The Rise of Digital Personal Assistants

Living in a cave for the last few years would save you from hearing Alexa, get me this and Siri, what’s the weather in Cairo?  For those, like myself, who user digital personal assistants, when they work they are wonderful.  When the slightest hiccup occurs, they are monstrously annoying.

Does everyone need a digital personal assistant?  Yes – that’s my short answer.  But not really – that’s my slightly longer answer.  Nascent technology is buggy.  It doesn’t always work well and has frustrating limits.  It suffers from hardware upgrades that cost money.  There’s a learning curve that takes time.  For techy people, this is welcomed.  For most people, it has to simply work … and work well.

At my house I have three Amazon Echos, one Google Home and a bunch of Apple tablets and phones running Siri.  Often, I tell everyone they will use a digital personal assistant at least once per day for one specific function.  And more so, that use will replace its former method.  For example, I ask Alexa and Google for the weather daily, and now I dislike looking at the weather on an app.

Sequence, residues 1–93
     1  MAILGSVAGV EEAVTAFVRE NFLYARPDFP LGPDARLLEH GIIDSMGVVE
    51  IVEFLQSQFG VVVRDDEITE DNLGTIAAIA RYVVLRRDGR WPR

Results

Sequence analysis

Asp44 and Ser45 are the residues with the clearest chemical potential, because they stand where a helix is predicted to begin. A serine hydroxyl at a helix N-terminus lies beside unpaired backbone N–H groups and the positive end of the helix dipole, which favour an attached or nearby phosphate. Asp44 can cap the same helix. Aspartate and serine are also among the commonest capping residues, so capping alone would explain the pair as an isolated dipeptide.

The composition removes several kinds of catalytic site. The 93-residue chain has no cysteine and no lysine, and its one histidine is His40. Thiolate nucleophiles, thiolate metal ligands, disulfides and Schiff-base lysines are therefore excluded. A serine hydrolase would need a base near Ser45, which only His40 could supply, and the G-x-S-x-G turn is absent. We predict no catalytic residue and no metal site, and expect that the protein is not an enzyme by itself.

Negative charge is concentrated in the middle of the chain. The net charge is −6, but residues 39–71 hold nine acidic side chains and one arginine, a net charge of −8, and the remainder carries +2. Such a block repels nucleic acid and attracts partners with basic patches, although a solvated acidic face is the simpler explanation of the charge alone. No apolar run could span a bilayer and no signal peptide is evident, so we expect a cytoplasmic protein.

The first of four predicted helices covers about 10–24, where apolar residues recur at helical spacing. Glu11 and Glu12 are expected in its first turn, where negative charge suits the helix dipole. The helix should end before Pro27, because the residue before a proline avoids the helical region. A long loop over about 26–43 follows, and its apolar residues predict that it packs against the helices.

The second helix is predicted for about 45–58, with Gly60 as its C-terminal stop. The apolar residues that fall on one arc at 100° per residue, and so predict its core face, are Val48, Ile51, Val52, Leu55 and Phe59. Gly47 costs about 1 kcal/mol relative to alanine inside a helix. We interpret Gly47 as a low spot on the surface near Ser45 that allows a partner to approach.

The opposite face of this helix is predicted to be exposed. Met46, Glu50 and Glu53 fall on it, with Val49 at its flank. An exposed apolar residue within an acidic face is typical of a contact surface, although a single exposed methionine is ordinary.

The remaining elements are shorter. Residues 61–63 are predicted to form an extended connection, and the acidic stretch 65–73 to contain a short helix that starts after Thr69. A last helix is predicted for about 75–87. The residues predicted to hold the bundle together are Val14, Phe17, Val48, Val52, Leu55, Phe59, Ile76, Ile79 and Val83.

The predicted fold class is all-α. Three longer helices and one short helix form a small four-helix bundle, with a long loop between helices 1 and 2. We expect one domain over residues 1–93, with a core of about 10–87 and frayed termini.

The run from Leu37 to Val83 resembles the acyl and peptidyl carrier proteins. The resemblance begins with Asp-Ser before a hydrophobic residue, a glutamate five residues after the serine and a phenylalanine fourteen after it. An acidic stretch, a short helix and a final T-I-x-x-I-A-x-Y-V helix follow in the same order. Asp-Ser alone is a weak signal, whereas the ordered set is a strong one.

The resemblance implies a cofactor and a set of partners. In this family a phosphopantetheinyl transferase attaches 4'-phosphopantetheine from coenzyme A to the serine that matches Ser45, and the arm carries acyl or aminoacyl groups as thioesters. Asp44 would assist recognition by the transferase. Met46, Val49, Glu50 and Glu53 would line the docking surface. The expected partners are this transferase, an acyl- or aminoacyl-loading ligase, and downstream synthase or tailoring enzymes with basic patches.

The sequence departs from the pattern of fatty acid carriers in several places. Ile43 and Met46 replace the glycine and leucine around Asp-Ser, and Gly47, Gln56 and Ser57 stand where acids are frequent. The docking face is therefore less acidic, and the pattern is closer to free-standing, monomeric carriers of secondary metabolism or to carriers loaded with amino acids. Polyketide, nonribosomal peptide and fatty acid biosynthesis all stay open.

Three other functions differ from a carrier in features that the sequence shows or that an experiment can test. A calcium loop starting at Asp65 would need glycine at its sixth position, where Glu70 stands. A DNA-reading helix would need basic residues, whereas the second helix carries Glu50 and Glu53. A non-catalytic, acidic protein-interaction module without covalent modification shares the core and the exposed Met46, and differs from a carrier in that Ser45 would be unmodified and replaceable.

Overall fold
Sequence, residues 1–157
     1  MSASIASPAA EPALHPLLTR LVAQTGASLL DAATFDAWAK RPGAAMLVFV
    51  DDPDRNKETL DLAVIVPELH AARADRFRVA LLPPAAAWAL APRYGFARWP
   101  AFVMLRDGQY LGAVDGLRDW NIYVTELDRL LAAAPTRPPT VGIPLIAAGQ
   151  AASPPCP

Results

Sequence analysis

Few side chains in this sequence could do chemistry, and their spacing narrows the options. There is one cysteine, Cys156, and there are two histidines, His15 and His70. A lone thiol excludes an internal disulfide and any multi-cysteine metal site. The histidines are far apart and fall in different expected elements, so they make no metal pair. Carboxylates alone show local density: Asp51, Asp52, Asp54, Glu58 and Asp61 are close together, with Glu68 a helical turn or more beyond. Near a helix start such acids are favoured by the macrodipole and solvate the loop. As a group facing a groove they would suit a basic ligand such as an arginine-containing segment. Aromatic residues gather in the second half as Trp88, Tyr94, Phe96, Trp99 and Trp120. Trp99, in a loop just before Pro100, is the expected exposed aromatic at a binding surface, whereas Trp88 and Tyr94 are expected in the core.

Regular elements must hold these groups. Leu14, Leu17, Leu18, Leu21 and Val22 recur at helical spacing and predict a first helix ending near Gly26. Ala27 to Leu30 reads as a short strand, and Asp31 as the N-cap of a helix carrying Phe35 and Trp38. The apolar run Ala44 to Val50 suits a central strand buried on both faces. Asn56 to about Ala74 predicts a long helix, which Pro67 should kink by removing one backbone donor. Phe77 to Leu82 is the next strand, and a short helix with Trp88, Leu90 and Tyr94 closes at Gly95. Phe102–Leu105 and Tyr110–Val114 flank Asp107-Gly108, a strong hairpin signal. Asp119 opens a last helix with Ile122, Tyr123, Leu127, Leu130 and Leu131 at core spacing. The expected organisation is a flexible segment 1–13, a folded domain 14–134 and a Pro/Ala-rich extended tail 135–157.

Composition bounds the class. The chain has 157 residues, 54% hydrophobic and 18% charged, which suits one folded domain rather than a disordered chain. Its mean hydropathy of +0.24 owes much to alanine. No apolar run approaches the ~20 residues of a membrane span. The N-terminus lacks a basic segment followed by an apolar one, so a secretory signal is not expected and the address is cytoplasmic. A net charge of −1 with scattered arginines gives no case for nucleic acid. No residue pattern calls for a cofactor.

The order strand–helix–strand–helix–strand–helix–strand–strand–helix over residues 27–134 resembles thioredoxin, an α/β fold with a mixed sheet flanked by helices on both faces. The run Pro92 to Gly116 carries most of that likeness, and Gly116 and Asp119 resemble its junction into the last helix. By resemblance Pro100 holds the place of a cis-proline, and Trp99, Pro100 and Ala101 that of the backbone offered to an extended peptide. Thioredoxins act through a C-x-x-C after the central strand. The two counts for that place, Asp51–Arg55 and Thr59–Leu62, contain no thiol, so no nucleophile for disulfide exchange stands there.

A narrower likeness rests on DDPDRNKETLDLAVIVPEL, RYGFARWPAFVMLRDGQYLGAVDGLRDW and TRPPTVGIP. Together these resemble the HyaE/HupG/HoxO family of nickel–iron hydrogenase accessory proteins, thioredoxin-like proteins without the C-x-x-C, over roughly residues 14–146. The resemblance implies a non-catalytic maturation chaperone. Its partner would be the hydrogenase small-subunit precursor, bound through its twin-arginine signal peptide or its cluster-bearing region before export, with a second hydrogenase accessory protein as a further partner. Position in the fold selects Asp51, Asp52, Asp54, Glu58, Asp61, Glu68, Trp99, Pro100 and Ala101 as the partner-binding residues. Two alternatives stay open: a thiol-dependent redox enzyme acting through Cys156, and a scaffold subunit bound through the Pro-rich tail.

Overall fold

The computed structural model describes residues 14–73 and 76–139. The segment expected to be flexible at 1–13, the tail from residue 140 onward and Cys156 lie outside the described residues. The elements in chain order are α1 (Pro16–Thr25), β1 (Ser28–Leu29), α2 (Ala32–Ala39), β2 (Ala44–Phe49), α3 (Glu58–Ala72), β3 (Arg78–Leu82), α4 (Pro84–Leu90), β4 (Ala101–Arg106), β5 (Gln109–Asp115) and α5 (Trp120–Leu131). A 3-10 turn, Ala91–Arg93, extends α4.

I also have a wife and two young children at home.  Both of my children can’t read (yet) and they love being able to tell Alexa and Google to play their favorite songs.  Their friends all seem to have one or at least know how to communicate with it.  It’s interesting hearing other young children request random songs.

So why don’t you have one?  Maybe you feel your phone provides a suitable digital personal assistant?  Maybe you feel it’s a waste of money?  Maybe you don’t know why you don’t want one.  I say get one, stick it in your kitchen and see what happens.

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